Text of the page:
For Zimbabwean journalist Saize, the absurd is routine

For 37-year-old Zimbabwean freelance journalist Sydney Saize, left, enduring arrest and assault has become absurdly routine–and the circumstances routinely absurd. Take his most recent detention, in February. Saize was reporting on a mundane criminal case in Mutare, capital of the diamond-rich Manicaland province, when the story suddenly turned dramatic.

“I was at the court covering a story of five suspects accused of armed robbery when the suspects attempted to escape,” he told CPJ. “I started taking pictures of the attempted escape and managed to get a shot of one of the suspects being gunned down as he tried to escape.” Saize was doing his job–except that in Zimbabwe, draconian media laws and police repression can make that nearly impossible. “I was immediately surrounded by officers from the prison service who seized my camera equipment and my audio recorder, handcuffed me and took me to Mutare police station for questioning,” he said.

Saize was interrogated for seven hours before he was charged under the Criminal Nuisance Act, forced to sign an admission of guilt, fined US$20, and released, according to the Media Institute of Southern Africa. What was he interrogated about? “Basically everything under the sun–my family background, where I lived, who I worked for, etcetera, etcetera. And this went on and on and on,” recalled Saize.

Compared to other encounters with law enforcement and ruling party officials, Saize believed he got off relatively lightly this time. “They released my camera equipment and audio recorder, but only after I deleted all the photographs I had taken. It is really absurd.” It’s hardly the first time, though, that Zimbabwean authorities have turned criminal justice coverage upside down. In March 2010, freelance photojournalist Andrison Shadreck Manyere was arrested for taking footage of prisoners outside a courthouse in Harare. The prison guards accused Manyere of taking footage “without the permission of the Commissioner of Zimbabwe’s prison service.”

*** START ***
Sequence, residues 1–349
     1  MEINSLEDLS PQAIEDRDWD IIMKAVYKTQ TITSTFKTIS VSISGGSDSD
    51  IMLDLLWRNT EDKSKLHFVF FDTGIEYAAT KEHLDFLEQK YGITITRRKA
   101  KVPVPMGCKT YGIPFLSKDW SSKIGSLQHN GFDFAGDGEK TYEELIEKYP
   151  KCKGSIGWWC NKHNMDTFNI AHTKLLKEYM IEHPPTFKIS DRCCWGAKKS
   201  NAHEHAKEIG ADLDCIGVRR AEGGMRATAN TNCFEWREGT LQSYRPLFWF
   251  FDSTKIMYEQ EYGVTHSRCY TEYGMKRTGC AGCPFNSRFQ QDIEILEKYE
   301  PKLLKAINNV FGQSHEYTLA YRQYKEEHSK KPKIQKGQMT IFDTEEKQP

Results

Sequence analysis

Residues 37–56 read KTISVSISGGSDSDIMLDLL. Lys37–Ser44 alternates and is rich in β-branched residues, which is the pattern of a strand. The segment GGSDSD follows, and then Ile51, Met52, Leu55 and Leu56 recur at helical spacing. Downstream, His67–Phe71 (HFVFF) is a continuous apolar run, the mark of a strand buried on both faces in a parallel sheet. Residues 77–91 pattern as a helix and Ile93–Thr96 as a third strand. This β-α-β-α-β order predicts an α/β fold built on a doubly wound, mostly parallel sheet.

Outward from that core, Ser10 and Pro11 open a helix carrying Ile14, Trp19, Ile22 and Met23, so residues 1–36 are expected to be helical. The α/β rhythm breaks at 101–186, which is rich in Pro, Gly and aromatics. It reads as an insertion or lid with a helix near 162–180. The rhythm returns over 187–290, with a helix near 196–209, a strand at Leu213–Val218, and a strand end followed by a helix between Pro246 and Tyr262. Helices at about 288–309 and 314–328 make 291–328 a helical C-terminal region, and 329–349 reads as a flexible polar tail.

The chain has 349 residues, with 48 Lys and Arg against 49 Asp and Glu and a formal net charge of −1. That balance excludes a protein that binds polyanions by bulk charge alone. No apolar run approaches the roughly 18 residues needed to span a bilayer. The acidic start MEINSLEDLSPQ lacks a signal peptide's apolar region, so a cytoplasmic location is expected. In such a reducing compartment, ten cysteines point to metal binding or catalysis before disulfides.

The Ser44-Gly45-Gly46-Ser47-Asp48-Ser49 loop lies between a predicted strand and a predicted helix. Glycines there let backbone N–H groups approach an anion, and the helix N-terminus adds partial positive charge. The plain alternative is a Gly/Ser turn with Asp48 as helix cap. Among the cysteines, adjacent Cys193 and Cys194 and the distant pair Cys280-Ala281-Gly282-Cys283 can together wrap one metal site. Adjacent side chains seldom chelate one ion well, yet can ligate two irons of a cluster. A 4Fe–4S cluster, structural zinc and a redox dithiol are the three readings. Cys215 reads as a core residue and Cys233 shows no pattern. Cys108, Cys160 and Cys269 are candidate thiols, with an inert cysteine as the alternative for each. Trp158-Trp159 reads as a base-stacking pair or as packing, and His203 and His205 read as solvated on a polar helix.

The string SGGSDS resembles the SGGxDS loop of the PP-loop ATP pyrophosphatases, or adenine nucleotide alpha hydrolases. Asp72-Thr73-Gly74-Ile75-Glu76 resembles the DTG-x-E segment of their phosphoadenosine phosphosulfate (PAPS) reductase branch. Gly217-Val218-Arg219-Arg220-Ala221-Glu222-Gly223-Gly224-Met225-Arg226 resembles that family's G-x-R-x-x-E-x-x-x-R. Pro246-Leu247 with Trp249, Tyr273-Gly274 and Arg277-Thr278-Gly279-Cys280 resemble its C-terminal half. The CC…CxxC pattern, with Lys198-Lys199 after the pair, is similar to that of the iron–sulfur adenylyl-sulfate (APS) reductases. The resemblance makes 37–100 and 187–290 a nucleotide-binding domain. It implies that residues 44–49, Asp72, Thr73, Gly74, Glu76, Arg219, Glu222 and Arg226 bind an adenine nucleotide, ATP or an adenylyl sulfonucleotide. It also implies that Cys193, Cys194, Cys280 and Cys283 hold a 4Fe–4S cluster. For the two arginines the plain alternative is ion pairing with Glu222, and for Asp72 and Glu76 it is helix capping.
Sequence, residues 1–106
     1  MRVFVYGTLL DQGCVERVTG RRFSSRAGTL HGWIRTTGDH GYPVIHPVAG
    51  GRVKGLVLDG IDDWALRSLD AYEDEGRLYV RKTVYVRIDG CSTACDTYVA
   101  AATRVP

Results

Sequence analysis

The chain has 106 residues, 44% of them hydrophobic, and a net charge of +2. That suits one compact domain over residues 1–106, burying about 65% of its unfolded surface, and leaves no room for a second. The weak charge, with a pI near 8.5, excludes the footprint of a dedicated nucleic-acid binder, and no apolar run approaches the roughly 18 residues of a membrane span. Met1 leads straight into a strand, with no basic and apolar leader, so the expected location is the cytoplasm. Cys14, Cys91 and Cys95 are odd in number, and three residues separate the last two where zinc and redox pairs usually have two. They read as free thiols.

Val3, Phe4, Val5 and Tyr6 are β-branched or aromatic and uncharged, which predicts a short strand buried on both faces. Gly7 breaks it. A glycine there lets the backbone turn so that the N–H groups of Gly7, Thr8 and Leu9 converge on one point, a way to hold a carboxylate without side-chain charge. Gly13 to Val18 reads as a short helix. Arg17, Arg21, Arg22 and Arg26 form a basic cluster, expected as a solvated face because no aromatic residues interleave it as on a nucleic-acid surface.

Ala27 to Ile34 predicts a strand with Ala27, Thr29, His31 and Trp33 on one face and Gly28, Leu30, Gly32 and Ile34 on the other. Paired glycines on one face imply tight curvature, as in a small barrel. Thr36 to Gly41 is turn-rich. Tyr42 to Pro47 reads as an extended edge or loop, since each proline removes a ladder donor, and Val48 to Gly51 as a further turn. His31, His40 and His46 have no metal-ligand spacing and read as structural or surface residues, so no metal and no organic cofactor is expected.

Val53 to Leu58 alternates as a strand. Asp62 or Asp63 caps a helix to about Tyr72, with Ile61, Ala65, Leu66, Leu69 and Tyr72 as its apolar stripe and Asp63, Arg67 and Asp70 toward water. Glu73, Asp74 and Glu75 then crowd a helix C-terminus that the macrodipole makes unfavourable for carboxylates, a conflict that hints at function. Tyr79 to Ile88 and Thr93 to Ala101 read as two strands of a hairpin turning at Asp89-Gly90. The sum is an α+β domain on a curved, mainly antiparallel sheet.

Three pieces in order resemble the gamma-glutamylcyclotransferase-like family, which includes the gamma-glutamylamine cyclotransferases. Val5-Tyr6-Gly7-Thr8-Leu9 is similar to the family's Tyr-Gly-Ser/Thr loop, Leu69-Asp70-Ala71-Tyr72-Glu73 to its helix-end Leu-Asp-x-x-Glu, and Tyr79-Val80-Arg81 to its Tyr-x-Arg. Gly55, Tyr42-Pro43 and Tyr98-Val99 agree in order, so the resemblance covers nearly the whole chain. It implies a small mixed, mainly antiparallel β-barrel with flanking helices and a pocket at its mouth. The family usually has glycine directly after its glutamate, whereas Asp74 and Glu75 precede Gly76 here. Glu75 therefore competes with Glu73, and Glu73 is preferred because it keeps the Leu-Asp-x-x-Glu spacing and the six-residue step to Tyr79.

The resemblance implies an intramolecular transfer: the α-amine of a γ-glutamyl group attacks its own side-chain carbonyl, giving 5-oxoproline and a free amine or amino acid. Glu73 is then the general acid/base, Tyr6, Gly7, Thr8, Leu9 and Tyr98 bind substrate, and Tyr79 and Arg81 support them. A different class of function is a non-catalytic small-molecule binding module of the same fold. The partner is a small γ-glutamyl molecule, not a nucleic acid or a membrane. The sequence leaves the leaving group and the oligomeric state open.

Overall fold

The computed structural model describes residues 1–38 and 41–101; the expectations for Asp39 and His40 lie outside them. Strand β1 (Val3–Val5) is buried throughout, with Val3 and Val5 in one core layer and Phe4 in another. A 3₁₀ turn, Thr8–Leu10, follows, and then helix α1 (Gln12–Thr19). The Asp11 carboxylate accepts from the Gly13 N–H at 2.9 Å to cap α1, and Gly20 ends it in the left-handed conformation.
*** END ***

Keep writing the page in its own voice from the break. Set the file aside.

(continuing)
Saize himself has been arrested or attacked nearly every year since 2006, according to CPJ research. He had his first brush with authorities in January 2006, when he was arrested for “reporting without accreditation” under Zimbabwe’s media licensing law, and for “reporting falsehoods.” Saize spent three nights in police cells before a judge dismissed the charges for lack of evidence. Then, in 2008, he was beaten by people accusing him of being a “sell-out” for writing stories critical of the ruling ZANU-PF government. In 2009, while covering the burial of a ZANU-PF legislator, he was attacked by assailants who seized his recording equipment. To add insult to injury, police at Mutare Central detained him for nearly an hour, questioning him about his activities and whom he worked for, before releasing him without charge. Finally, in November 2010, while reporting on a local ZANU-PF-PF fund-raising event, he was assaulted by several men who accused him of “writing negative stories” about their party.

“Trying to do your work as an accredited journalist in Zimbabwe is a real challenge because you never really know what to expect from the authorities,” Saize says. “But what can you do? You have to work.” Arrests and assaults, of course, are designed to intimidate the entire press corps. Saize says he is undeterred and has a duty “to be there for the public dying for alternative news coverage rather than the daily propaganda from state papers, TV and radio stations.”